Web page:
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Stripped of his freedom by the FBI early Tuesday, disgraced Fort Lauderdale, Fla., lawyer Scott Rothstein appeared in a packed Fort Lauderdale federal courtroom and was accused by prosecutors of using forged judicial signatures to defraud investors as part of a $1.2 billion Ponzi scheme.

Stripped of his freedom by the FBI early Tuesday, disgraced Fort Lauderdale, Fla., lawyer Scott Rothstein appeared in a packed Fort Lauderdale federal courtroom and was accused by prosecutors of using forged judicial signatures to defraud investors as part of a $1.2 billion Ponzi scheme.  4

Stripped of his freedom by the FBI early Tuesday, disgraced Fort Lauderdale, Fla., lawyer Scott Rothstein appeared in a packed Fort Lauderdale federal courtroom and was accused by prosecutors of using forged judicial signatures to defraud investors as part of a $1.2 billion Ponzi scheme.

Wearing a brown designer T-shirt and blue jeans, Rothstein, 47, appeared nonchalant as he stood in handcuffs and leg restraints before U.S. Magistrate Robin Rosenbaum, who ordered him held without bail because he is a flight risk.

Agents arrested Rothstein in the early morning hours and took him to FBI headquarters in North Miami Beach. He was then transported to U.S. District Court in Fort Lauderdale for his initial appearance.

John V. Gillies, special agent in charge of the Miami FBI office, called Rothstein’s crime, “arguably the largest fraud in Miami’s history.”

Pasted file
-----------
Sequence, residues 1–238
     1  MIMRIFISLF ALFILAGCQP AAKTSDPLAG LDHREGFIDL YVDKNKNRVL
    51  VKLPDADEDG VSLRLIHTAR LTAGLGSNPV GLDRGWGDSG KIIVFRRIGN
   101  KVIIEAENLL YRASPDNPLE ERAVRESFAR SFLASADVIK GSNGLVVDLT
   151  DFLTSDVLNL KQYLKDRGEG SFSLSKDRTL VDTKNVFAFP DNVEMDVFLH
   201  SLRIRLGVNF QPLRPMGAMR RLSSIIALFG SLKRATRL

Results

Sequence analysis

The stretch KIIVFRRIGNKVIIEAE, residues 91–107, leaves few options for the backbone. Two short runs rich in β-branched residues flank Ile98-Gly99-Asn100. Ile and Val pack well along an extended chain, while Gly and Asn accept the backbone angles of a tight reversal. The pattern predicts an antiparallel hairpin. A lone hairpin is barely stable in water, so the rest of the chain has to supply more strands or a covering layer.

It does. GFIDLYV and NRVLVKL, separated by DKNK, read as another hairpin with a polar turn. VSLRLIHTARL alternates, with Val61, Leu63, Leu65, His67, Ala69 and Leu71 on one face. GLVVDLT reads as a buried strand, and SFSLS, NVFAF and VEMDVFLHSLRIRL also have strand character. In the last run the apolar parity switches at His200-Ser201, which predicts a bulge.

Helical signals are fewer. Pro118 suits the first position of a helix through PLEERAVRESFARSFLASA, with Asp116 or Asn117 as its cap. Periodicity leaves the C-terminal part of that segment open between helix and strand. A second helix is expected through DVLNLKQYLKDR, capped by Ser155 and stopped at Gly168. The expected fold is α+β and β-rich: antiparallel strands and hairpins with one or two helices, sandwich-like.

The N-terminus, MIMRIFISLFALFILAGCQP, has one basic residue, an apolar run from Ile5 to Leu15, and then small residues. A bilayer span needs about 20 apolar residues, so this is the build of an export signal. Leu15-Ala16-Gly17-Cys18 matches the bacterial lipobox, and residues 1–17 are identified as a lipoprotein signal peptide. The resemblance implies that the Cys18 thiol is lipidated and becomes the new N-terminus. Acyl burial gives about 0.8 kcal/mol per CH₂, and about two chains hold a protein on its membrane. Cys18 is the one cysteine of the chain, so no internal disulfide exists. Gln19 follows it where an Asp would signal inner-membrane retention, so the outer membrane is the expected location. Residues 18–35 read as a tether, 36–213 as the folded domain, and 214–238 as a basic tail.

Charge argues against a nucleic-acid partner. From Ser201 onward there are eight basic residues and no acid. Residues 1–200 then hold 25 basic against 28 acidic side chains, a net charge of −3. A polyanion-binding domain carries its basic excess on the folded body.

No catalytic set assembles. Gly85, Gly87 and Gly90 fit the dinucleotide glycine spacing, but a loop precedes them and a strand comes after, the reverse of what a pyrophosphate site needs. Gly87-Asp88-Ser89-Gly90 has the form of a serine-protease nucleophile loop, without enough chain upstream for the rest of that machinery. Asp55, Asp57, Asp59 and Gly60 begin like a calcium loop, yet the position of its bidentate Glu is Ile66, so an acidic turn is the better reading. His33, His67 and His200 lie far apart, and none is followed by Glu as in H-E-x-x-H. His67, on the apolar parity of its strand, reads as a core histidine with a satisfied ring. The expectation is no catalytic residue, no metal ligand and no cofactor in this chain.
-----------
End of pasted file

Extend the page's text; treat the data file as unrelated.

In a criminal information filed with the court, prosecutors charged him with five counts, including racketeering conspiracy that includes mail fraud, wire fraud and money laundering. Between 2005 and 2009, the government said, Rothstein took millions in investor money in a scheme that focused on the sale of confidential settlements of legal disputes. By statute, a conviction on all charges could result in 100 years in prison.

Assistant U.S. Attorney Paul Schwartz told Rosenbaum that during the alleged multi-year scheme, Rothstein concocted phony orders and forged the signatures of judges’ names including those of federal judges and a District Court of Appeal judge.

The forging of those documents, Schwartz declared, “goes to the heart of our justice system.”

Prosecutors said Rothstein forged signatures on judicial orders to scam friend and auto magnate Ed Morse out of $57 million, which went to pay investors in the Ponzi scheme.

Prosecutors made a reference to unidentified co-conspirators but did not elaborate.

Neither did acting U.S. Attorney Jeff Sloman, who refused to give details on the many accusations made in the information or the alleged co-conspirators. He did say that Rothstein was brazen in his crimes by forging judges’ names and bilking his own clients.

“That is a height of chutzpah,” Sloman said. “This is one of a small handful of cases in which a law firm has been named as a RICO [racketeering] enterprise.”

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